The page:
International arena is significantly affected by the CoVid-19 pandemic and as last months show a global economic slowdown, CPEC’s future is raising concerns.

China’s Belt and Road Initiative (BRI) is facing significant setbacks due to the new international norms caused by the growing impact of the CoVid-19 pandemic and global economic slowdown that has occurred these last several months. In fact, the economic and financial structuring of the Belt and Road Initiative has shown severe weaknesses in the way in which the BRI was originally formed. After all, it provided both struggling and developing nations with hundreds of billions of dollars in loans, while enabling Beijing in its quest to build up its global power projection and leveraging capabilities. However, the CoVid-19 pandemic and global economic slowdown resulted into a liquidity crisis for many of these same nations that Beijing showered with cash throughout the years. The big concern for these loan recipient nations is that part of the agreements with Beijing required them to put up their national assets and infrastructures such as ports, mines and other crown jewels as collateral.

This has evolved into a very difficult situation for both the indebted countries and for China as there are major decisions to be made on all sides, whether in the form of debt restructuring, delaying of repayments, or even debt forgiveness. The latter would be a very difficult choice for the Chinese government as it would place significant strain on both their own financial system and domestic status at home in regard to relations with the Chinese people. However, Beijing is also in a position where they will have to weigh the risk on how it would impact their future international standing, image, global power projection, and leveraging capabilities.

In addition, it will require them to also weigh the risk of these dilemmas and consider how they will impact China’s future economic growth, in light of increasing global discontent over their handling of the CoVid-19 pandemic. It will also be dependent on other issues where discontent has grown in abundance lately. One example is the recent passing of a controversial national security law that violates the long-term agreement that allows Hong Kong to remain autonomous until 2047. The list also includes growing geopolitical friction with the United States and several other global players such as Taiwan, India, Japan, South Korea, and the European Union on issues such as trade, security, border skirmishes, and other growing regional disputes.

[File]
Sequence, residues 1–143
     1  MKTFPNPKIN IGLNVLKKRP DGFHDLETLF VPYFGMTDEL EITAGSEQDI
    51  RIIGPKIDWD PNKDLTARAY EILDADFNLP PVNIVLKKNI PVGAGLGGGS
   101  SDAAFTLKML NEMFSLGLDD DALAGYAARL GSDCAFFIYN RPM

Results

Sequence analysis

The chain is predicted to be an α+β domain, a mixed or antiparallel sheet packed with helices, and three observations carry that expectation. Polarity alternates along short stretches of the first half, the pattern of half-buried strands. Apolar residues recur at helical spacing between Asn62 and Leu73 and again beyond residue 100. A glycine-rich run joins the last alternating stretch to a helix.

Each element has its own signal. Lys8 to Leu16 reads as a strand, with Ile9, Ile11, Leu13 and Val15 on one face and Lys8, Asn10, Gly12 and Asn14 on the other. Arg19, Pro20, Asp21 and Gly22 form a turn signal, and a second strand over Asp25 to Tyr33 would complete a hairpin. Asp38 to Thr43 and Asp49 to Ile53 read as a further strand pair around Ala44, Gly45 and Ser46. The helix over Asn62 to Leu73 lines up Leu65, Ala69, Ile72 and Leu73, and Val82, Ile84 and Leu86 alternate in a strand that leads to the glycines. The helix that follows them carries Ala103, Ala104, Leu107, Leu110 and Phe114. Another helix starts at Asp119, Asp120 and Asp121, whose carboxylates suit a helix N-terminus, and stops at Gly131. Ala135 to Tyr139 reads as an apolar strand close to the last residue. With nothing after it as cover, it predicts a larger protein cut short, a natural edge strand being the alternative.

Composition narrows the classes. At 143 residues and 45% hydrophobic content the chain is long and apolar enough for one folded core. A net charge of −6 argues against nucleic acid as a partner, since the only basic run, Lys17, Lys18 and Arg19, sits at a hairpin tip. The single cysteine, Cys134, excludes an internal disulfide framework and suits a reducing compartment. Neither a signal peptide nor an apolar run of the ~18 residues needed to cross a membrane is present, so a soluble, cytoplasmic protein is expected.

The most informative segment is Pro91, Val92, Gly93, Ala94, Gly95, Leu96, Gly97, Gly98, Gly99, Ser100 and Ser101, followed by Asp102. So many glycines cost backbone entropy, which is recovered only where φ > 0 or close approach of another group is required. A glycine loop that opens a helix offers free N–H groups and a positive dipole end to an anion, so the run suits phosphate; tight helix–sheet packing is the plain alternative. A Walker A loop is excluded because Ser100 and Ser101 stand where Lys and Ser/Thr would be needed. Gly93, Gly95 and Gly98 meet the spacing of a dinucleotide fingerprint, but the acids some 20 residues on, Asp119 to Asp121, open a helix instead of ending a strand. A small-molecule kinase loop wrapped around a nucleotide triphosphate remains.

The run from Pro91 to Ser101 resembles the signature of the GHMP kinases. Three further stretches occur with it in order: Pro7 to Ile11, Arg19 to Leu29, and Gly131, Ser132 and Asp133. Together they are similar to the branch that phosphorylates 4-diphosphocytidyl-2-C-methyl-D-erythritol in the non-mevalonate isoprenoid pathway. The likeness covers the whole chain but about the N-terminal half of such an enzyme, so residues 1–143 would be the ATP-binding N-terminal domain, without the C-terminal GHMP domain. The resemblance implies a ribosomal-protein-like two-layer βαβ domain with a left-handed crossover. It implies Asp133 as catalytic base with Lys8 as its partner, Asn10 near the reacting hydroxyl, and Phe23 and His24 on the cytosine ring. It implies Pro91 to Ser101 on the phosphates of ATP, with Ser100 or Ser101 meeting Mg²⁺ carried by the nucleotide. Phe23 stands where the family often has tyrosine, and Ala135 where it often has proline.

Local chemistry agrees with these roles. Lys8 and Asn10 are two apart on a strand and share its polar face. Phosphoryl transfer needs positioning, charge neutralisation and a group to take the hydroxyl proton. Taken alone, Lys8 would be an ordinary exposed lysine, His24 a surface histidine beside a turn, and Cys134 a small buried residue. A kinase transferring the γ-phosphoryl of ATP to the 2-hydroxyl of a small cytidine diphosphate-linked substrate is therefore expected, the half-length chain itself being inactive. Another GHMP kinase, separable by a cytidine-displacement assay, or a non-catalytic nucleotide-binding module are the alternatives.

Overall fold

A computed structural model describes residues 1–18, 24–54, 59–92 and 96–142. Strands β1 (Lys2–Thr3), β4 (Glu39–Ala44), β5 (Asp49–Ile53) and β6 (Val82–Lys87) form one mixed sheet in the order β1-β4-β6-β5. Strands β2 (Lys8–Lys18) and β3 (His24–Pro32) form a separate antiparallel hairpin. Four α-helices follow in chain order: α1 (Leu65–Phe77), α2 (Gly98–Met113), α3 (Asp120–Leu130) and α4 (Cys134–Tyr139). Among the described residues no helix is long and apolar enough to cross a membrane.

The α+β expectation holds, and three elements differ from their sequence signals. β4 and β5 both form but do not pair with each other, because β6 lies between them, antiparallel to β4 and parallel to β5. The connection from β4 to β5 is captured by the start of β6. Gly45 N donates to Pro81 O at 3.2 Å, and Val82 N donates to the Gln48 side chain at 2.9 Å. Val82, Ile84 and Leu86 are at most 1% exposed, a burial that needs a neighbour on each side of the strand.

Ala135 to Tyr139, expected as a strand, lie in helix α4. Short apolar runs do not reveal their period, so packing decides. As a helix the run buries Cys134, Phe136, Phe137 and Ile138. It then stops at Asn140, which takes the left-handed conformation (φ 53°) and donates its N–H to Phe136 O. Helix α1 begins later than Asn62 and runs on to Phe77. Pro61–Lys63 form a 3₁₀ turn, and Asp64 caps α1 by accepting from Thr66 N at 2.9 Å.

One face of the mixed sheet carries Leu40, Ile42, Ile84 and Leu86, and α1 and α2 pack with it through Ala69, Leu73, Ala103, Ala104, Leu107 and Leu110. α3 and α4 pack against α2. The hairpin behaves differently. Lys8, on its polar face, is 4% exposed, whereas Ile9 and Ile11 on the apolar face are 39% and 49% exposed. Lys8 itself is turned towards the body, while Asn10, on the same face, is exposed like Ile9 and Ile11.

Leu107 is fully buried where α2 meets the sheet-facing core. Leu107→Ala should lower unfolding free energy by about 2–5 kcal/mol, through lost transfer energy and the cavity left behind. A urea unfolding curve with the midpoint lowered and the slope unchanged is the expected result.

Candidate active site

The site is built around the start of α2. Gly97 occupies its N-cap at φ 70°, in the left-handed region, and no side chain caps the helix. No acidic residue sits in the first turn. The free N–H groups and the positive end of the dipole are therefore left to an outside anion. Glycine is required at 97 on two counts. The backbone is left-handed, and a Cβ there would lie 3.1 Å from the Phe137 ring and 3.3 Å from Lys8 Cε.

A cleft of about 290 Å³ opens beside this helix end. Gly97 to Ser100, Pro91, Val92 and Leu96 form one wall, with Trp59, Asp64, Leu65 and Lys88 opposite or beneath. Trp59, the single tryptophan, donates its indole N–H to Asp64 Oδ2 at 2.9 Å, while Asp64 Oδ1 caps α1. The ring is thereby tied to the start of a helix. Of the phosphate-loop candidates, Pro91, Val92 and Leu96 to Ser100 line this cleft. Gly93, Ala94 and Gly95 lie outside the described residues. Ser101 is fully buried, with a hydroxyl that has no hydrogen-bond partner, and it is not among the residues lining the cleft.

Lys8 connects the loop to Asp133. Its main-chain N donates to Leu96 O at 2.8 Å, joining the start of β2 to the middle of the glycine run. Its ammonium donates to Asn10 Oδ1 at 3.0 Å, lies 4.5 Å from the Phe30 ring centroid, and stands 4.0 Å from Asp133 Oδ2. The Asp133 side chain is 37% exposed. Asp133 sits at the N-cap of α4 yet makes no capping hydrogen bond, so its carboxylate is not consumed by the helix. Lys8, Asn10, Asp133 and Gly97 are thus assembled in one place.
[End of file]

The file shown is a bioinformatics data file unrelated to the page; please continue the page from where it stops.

The Belt and Road Initiative (BRI) is a $1 trillion plus infrastructure financing program that is aimed at building a series of global trade zones that connects more than 60 countries to Beijing’s economic web. It would resemble a modern version of the ancient silk road but would combine both land and sea trading routes. However, China’s lending has far exceeded that of the World Bank and the International Monetary Fund (IMF) and this also includes both hidden and underreported loans made by their government. Pakistan has been a big beneficiary of China’s Belt and Road Initiative plan. However, their foreign minister recently requested in April 2020 that it was imperative to restructure the payments of billions of dollars in loans that were borrowed for projects pertaining to the China-Pakistan Economic Corridor (CPEC).

CPEC is a signature project of China’s Belt and Road Initiative. In fact, it is often considered being the flagship of the BRI project, which is why a wide variety of eyes are focused on watching how the China-Pakistan relationship evolves. This is especially imperative in a world where CoVid-19 and geopolitical friction can play a heavy influencer in the future outcome of events. The program was launched in 2015 between China and Pakistan with the intention of connecting a network of land and sea routes between Southeast Asia, Central Asia, the Gulf region, Africa, and Europe. The connection would especially allow for Chinese routes to go through Afghanistan and Pakistan as well. In fact, CPEC would enable Pakistan’s, Gwadar Port, located on the Arabian Sea in southern Balochistan, to become a key hub that connects China’s routes to the Middle East. This will be especially beneficial to Beijing in their ongoing quest to secure new routes for oil importation.

The CPEC program is also being streamlined in light of recent news of the phased withdrawal of U.S. troops from Afghanistan. Both Pakistan and Afghanistan are part of this strategic corridor for China and the CPEC deal consists of $87 billion worth of infrastructure projects, with the intention of benefitting Pakistan over a period of time. However, 5 years later, only a quarter of projects that make up of roughly $20 billion have been spent on mainly transport and energy infrastructure. Also, the China-Pakistani relationship has been mixed with a combination of trust issues and financial debt concerns. For instance, the Pakistani government transferred the leasing rights for Gwadar Port to the China Overseas Port Holding Company that grants them with 91% of the port generated profits, while Islamabad would receive just 9%. This would also deny Balochistan’s provincial government any revenue as well.

By Sam Kessler-Geopolitical Advisor
Sam Kessler is a Geopolitical Advisor for NSSG. He is also a writer, analyst, and consultant with a global security, geopolitics, and business/finance background. Sam also has an M.A. in National Security and Intelligence Analysis from American Military University (AMU), which is part of the American Public University System (APUS).